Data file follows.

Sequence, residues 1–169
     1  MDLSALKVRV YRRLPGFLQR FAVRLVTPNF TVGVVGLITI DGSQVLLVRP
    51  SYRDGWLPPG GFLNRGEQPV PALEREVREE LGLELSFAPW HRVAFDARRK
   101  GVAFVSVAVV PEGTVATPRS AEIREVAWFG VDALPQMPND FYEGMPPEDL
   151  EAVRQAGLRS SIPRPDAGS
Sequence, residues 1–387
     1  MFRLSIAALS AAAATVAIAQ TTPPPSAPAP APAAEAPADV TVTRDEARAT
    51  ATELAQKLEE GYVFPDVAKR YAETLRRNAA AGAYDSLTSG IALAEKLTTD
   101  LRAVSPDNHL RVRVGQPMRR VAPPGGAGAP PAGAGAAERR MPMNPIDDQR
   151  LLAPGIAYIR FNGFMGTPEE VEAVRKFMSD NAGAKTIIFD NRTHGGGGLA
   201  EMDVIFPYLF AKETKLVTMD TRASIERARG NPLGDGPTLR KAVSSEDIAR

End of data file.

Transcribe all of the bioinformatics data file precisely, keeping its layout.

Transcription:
Sequence, residues 1–169
     1  MDLSALKVRV YRRLPGFLQR FAVRLVTPNF TVGVVGLITI DGSQVLLVRP
    51  SYRDGWLPPG GFLNRGEQPV PALEREVREE LGLELSFAPW HRVAFDARRK
   101  GVAFVSVAVV PEGTVATPRS AEIREVAWFG VDALPQMPND FYEGMPPEDL
   151  EAVRQAGLRS SIPRPDAGS
Sequence, residues 1–387
     1  MFRLSIAALS AAAATVAIAQ TTPPPSAPAP APAAEAPADV TVTRDEARAT
    51  ATELAQKLEE GYVFPDVAKR YAETLRRNAA AGAYDSLTSG IALAEKLTTD
   101  LRAVSPDNHL RVRVGQPMRR VAPPGGAGAP PAGAGAAERR MPMNPIDDQR
   151  LLAPGIAYIR FNGFMGTPEE VEAVRKFMSD NAGAKTIIFD NRTHGGGGLA
   201  EMDVIFPYLF AKETKLVTMD TRASIERARG NPLGDGPTLR KAVSSEDIAR